One reason they are not socially self-confident is because the rules seem unclear and arbitrary when it comes to humans, for banter, humor, expressing feelings (sexual or otherwise), and for the romantically inexperienced, all the rules and physical mechanics of any kind of romantic interaction, from "looking sexually attractive" to actually having sex. Sure, they have free access to books and movies and porn, but forgive the highly analytical for thinking perhaps real life is not so straightforward as a fictional script, or not seeing themselves in the assigned roles.

That social insecurity is another obvious source of conflicts.

A friendly heads up: From a psychological reality standpoint I would question the cliché of the "hot and funny guy that has no interest in science." Female nerds take pride in their intellectual prowess, like all humans their self-worth is closely tied to what they excel at and what makes them special. Let the beauty queen and football star take pride in their looks that are 99% genetics they got for nothing: I learned calculus, physics and chemistry!

A guy that isn't interested in science is not appealing to that girl, he's an object of ridicule and "being hot" doesn't matter: He doesn't value what she considers most valuable about herself: her analytical mind, and isn't interested in anything she wants to talk about.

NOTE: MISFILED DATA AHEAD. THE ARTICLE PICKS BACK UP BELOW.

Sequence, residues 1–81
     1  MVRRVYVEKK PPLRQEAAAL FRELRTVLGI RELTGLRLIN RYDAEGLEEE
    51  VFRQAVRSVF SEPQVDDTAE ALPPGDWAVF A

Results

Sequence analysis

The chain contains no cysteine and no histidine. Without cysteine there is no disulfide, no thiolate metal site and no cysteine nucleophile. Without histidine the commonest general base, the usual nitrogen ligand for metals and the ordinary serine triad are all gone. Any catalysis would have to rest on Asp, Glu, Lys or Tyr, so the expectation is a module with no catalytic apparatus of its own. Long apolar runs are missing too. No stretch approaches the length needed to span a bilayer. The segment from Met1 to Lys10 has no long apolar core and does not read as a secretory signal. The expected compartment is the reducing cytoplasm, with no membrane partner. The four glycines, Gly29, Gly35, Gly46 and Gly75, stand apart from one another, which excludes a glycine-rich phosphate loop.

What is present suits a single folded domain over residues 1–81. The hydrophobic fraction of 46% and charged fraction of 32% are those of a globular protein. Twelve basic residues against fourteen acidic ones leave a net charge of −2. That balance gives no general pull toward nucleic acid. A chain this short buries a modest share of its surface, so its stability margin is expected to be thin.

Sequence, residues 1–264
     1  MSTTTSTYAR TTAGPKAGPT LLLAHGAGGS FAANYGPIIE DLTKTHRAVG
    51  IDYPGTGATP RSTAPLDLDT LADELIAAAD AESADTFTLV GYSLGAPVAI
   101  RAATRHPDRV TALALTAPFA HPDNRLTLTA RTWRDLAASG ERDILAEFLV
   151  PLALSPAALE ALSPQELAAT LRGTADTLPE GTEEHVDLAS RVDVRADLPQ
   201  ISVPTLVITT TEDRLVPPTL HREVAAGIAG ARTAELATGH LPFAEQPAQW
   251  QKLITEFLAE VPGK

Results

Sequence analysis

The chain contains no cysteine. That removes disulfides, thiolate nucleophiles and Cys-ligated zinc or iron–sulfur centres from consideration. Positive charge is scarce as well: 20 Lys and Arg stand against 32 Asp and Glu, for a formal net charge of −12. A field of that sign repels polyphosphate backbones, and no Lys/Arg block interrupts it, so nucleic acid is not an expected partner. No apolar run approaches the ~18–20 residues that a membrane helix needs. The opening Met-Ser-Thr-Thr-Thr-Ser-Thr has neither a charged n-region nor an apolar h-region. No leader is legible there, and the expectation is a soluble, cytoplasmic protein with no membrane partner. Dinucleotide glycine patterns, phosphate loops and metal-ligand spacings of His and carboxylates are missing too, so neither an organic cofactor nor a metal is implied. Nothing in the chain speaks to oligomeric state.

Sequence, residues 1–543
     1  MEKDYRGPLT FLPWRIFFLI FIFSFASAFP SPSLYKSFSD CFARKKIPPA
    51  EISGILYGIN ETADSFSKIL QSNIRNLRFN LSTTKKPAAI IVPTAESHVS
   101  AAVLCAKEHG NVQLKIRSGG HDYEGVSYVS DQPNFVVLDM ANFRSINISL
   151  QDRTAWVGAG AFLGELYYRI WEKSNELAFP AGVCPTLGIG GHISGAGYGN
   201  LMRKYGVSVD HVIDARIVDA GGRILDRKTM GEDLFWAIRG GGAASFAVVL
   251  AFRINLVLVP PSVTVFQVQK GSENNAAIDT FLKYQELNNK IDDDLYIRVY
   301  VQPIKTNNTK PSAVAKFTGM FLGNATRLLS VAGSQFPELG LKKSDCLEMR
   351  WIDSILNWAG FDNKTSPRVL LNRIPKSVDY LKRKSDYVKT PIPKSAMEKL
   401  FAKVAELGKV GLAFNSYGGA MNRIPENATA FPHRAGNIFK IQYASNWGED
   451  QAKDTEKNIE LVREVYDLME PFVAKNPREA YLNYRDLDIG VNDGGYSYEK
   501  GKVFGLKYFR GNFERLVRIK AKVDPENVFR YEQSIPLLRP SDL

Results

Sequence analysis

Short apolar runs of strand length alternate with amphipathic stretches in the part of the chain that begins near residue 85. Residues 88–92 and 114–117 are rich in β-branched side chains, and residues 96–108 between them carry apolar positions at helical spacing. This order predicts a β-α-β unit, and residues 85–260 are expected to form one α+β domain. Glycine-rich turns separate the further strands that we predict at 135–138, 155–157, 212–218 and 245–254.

That same analytical mind will tell her all he is interested in: Her body, like all guys. That will likely be her assessment whether or not it is true. And by the time she is of dating age she knows full well, as a girl, that if all she wanted was a guy interested in her body, those guys are a dime a dozen in high school or college, just ask 'em.

Women are only superficially attracted to a "hot guy", the hot guy can ruin that the minute they start talking. Especially if the woman, like a female nerd, puts a high value on intellectual competence, reasoning, and scientific understanding, and the "hot guy" really doesn't value anything she values or defines herself by, and only cares about a physical relationship.

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  • "The hot and funny guy that has no interest in science per se" becomes a "convert" to science through her, which is plenty of validation. He even comes up with a parody of a class lecture to the tune of a popular song, and a third party observes that they have similar senses of humor. He's in the story because he is a perfect foil. She decides that she prefers him to a "natural" because they cover each other's weaknesses.And even though most women don't like rogues (or claim they don't), many of the same women will go for one who seems willing to "settle down." – Tom Au Mar 13 '18 at 0:59
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    @TomAu Perhaps too perfect. This added info makes HIM seem like the hero, the prince pursues the girl, with minor setbacks until she gives in. Written from the POV of Sleeping Beauty or Cinderella (happy / miserable in life until their prince comes) doesn't make the girl the hero. What is she pursuing (which should be nerd-science related) that she wins in the end? "She doesn't realize what she wants until her prince comes along" is, IMO, a sexist trope, not empowering or uplifting to women. It is her that should have a goal and her that tries and fails until she conquers it. – Amadeus-Reinstate-Monica Mar 13 '18 at 10:28